Confine or continue free range?


In the Brooder
Jul 10, 2018
I have 6 hens that are right at the age to begin laying. I let them out of their 10x10 run at about 10am and they run for the woods at the back of my property, which is about a 150' distance. Once there I won't see them again until about 5pm and they are in the coop by 6:30. I am debating building a large pen and keeping them confined. I just don't see them trekking all the way back to the coop to lay. Am I wrong? I could also move them into one of my pastures so they have higher grass to range in, but still build a pen. Any opinions would be appreciated.


Visiting The Summer Fair
BYC Staff
Premium Feather Member
7 Years
Jul 16, 2015
My young ones will often spend all day out somewhere besides the shed. They almost always lay in the shed. Keeping fake eggs in the nestboxes will show them a safe place to lay.

My chickens spend their day in my yard or the pastures, but come back in the shed throughout the day for feed and water.

I think letting chickens spend the day in the woods will eventually end badly. It's just a matter of time before something find them. So for that reason I probably would try to keep them closer to home.


Mar 22, 2016
Mid Michigan
Where are you located? If your woods are like ours there are lots of predators lurking and I would fear for the chickens let alone trying to find eggs.
I personally would confine but I totally understand the free range method, as I have done this in the past also.... until the hawks came way to close for comfort.
Whatever you decide make it the right decision for you. Only you can decide what risks or measures you're willing to take for your flock.
Good luck! :frow


Apr 15, 2018
Central PA
I live out in the booneys and I free ranged my chickens for a good while. It seemed fine for about a year, until we had a fox show up. After losing some hens, I confined them in a large outdoor enclosure that covers a little over an acre in a wooded area close to my house, surrounded by our fields. I made sure to put in lots of things for them to perch on, and some hiding places for them. They seem to be perfectly content!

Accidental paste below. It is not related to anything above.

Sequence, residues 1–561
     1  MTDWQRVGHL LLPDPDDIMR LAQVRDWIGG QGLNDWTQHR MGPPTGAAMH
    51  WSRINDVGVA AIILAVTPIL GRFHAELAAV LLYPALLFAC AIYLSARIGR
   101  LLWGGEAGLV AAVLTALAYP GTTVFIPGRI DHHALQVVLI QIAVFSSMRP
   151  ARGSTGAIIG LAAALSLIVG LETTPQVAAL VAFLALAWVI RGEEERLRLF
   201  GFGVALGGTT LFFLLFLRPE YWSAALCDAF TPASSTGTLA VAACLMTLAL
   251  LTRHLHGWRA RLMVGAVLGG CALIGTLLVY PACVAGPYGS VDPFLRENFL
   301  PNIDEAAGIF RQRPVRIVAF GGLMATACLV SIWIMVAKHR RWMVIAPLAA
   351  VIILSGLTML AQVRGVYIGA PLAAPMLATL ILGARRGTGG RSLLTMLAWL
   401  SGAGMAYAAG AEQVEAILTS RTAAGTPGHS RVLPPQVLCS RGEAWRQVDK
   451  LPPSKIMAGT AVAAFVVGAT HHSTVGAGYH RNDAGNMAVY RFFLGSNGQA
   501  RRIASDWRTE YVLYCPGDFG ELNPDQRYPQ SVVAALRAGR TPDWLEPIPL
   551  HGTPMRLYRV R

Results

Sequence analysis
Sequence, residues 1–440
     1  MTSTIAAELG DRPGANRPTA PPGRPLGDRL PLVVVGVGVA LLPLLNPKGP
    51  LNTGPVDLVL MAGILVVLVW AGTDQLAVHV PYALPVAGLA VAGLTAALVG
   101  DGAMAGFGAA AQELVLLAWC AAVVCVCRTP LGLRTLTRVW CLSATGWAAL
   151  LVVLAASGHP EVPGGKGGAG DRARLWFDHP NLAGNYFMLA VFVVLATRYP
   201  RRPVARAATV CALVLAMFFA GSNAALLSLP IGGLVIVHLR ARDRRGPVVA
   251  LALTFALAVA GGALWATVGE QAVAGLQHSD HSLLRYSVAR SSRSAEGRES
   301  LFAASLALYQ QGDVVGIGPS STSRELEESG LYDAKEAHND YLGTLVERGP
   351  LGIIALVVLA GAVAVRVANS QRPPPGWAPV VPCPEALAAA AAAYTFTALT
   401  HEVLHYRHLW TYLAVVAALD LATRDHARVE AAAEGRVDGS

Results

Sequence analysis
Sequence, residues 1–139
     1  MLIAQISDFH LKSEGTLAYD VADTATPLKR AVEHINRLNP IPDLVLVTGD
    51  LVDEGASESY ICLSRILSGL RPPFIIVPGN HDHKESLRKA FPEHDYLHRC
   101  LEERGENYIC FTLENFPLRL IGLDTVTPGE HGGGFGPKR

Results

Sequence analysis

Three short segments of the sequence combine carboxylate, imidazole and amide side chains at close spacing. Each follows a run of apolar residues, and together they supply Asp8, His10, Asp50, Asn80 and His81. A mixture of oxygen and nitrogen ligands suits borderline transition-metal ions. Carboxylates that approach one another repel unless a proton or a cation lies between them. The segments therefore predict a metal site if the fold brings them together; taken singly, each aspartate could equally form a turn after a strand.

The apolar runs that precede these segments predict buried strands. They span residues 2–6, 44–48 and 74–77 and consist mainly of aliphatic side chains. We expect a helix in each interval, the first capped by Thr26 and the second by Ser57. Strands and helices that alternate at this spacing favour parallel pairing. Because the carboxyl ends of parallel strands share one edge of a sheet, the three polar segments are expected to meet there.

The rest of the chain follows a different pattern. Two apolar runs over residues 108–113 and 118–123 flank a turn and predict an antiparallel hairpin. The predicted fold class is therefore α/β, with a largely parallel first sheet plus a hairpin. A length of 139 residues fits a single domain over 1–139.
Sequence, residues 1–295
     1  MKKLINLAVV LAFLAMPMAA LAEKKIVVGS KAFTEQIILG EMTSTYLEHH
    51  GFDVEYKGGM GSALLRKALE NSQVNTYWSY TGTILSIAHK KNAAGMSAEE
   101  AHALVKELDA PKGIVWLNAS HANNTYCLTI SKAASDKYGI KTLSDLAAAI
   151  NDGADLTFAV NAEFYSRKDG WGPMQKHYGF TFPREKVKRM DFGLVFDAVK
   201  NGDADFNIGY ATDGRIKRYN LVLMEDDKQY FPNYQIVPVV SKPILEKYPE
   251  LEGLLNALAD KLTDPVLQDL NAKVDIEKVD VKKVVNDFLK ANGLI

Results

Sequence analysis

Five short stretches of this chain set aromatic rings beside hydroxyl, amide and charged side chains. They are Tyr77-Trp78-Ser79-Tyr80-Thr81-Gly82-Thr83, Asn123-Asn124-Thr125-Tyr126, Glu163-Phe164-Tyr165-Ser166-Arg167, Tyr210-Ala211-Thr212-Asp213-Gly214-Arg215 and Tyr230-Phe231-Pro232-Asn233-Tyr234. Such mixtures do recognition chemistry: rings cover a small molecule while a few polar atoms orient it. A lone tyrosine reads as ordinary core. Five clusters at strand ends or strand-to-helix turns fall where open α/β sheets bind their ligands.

I would absolutely recommend keeping them in some sort of an enclosure for their own safety. It's only a matter of time before a predator comes along.


Oct 16, 2018
Jackson, Tennessee
Predators seems to come out more when its fall, lost 2 roosters past few weeks. The rest are penned up for now. Also Ive had some chickens who'd come back to lay, some who'd lay in the woods or bushes. If you want the eggs I'd keep them caged. If you want them to be free ranged let em be but they might get eaten! I always had a handful of roosters with my hens in the yard so atleast theyd kill a rooster protecting the hens before loosing the hens. Best of luck.


Premium Feather Member
Jan 6, 2018
Centre, AL
I free range my pullets as well, however, when they got to POL I kept them completely locked in the coop/run for about a week. Most of them were laying but not all and I didn’t want to keep them locked up until they all began laying. Much to my dismay though, I found a rogue nest outside their coop. After that, I keep them confined until about 2:30 or 3:00 every day. Most of the eggs are laid by that time, but there are several pullets that do lay in the coop after they’ve been let out.

As many of the others have posted, I too would not want my birds 150’ from my house much less in the woods. If you are a staunch proponent of free ranging, as am I, you would benefit from installing a fence to make a chicken yard. Premier 1 Supply has several electric, portable fencing options that would be perfect.

I am certain if your pullets do not identify the coop with being their “home” and where they must lay, there are rogue nests out and about in the woods. These nests will also draw predators that like eggs. Ranging that far, you will most certainly lose your eggs to predators, and likely your birds too.

Good luck to you and your birds.


Crossing the Road
12 Years
Sep 19, 2009
Holts Summit, Missouri
Consider planting some patches of brambles and other dense stemmed plantings near the pen. Add a feeding station to one and a chicken accessible compost heap in another location near cover where you scatter some scratch grains. You may be able to distract birds from going to woods.


7 Years
Dec 25, 2012
Oakhurst Oklahoma
Will they come back to the coop to lay, maybe, maybe not,,
I too have to many predators to let my girls get that far from the house. My fenced run is 225' x 150' setting on about 30 acres,,,

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